Reimagining Classrooms To Tackle Challenges Brought By The Pandemic
While the COVID-19 pandemic has affected every aspect of our lives and brought about abrupt changes in the status quo, nowhere is this more evident than in the education sector.
“We knew going online would be the way forward, but we didn’t have a lot of experience. We were stumped in the ‘how’ of it all,” says Ghanshyam Solanki, who heads the Aga Khan Rural Support Programme – India (AKRSP(I)) centre in Mangrol, Gujarat.
Educational institutions closed virtually overnight and went online for many students. Though daunting, these changes allowed an opportunity for educators to rethink how we can build systems that equip students for the jobs of tomorrow and address systemic inequalities, including the digital divide.
The pandemic put enormous strain on educators, forcing them to adapt and make big changes in a very short period of time. The amount and type of changes differed from state-to-state.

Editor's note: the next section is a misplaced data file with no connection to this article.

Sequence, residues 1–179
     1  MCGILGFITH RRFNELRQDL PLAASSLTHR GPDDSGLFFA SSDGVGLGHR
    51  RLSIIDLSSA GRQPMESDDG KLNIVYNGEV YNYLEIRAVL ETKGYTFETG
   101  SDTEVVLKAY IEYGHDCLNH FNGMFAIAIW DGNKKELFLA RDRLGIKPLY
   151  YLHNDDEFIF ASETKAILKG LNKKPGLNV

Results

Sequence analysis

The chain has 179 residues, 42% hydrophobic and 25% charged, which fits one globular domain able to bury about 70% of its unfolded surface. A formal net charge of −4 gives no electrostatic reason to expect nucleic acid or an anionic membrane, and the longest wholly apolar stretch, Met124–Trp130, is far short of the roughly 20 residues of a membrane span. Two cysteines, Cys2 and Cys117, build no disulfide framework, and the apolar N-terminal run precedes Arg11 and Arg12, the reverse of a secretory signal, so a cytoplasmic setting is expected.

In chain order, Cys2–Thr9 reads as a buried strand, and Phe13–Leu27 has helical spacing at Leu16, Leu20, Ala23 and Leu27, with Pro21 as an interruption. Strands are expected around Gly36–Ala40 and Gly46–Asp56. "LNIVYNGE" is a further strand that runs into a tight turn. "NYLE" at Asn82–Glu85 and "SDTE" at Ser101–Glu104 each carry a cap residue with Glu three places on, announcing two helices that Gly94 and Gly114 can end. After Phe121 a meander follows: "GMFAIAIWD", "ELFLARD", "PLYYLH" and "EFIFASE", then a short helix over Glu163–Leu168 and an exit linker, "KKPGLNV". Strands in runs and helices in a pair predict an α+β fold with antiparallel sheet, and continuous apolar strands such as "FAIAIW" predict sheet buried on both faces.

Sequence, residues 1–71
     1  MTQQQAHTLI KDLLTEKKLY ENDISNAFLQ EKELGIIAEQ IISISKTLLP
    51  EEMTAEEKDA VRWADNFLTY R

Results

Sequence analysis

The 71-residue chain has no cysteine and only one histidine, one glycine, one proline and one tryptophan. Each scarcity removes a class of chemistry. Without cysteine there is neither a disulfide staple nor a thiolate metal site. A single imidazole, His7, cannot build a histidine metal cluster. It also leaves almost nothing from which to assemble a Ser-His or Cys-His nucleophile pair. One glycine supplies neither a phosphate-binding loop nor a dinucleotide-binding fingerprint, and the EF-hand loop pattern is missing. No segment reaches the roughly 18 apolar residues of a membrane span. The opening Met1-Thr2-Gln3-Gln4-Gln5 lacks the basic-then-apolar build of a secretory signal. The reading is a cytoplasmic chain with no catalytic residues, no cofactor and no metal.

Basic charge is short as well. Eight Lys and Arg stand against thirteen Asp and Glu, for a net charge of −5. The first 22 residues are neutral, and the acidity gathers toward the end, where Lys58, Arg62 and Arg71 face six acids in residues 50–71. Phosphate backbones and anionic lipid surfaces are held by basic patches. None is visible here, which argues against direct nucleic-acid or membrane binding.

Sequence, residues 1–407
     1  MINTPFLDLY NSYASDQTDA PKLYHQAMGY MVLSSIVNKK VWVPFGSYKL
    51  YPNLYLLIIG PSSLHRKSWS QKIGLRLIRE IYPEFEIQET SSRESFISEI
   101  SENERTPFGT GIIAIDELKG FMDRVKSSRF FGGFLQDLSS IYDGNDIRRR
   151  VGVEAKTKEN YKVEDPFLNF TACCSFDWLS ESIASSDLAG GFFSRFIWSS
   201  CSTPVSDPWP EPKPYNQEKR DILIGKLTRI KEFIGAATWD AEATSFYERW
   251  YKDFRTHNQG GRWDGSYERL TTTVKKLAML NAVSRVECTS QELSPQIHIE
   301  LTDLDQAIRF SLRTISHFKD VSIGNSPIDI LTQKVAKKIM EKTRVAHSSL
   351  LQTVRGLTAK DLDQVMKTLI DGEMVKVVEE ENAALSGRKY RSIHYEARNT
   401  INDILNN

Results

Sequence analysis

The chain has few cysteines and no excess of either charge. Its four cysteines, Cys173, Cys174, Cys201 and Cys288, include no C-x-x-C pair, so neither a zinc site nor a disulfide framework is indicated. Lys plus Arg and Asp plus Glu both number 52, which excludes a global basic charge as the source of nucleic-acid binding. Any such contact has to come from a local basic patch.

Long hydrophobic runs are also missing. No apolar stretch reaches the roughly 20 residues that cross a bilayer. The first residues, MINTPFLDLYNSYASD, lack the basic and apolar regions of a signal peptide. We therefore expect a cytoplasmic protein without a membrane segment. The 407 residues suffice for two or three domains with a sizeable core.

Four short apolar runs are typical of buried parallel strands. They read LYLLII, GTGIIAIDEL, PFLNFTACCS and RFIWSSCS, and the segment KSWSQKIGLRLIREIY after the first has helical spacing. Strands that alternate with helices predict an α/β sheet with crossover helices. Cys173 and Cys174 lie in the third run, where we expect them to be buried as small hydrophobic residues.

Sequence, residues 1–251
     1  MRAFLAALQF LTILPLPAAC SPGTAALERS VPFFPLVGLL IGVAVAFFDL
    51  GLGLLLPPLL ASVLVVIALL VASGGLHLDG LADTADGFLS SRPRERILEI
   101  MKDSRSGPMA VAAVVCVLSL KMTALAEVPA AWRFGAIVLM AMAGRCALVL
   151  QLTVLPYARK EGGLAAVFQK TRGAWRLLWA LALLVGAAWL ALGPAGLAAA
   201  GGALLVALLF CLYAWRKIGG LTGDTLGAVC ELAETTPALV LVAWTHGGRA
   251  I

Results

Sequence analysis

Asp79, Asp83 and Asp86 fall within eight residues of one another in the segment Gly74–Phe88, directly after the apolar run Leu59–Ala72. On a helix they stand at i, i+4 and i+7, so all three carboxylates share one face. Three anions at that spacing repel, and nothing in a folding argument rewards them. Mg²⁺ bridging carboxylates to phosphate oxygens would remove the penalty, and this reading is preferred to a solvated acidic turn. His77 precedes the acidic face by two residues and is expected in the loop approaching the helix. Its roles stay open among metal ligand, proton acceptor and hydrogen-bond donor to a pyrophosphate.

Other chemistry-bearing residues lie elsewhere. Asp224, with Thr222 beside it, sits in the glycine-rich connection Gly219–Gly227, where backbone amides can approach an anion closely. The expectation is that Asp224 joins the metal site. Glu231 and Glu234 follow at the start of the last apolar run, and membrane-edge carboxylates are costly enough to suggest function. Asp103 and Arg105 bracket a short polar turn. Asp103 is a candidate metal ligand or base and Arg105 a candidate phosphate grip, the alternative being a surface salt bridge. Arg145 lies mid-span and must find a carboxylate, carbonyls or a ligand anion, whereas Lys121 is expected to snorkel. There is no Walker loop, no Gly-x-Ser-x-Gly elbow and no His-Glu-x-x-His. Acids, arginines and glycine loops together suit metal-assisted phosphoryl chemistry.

To equip educators with the tools and skills to transition to an entirely digital medium of teaching, we organized numerous short programs and initiatives across projects. One such initiative is anchored for our Vocational Training Institutes (VTIs).
MyQuest’s Virtual Learning Pilot was initiated to support VTI trainers in the states of Gujarat, Karnataka, Tamil Nadu, Kerala and the North-East region. More than 90 trainers from the Aga Khan Rural Support Programme – India (AKRSP(I)), Assist, Careship, Cedra, Centre For Development And Empowerment Of Women (CDEW), Human Development and Research Centre (HDRC), Janvikas, Navjeevan, Salesian Sisters, Sama Foundation, Sparsha, and St. Thomas Trust are part of this pilot.
The pilot built capacities of trainers for online delivery of lessons and virtual student engagement. Trainers demoed various digital tools like PowerPoint, Google classroom, Webex, Zoom etc. to create and conduct engaging sessions. The pilot also supported e-mobilization activities, and drew up methods to facilitate industry engagement and student placements remotely.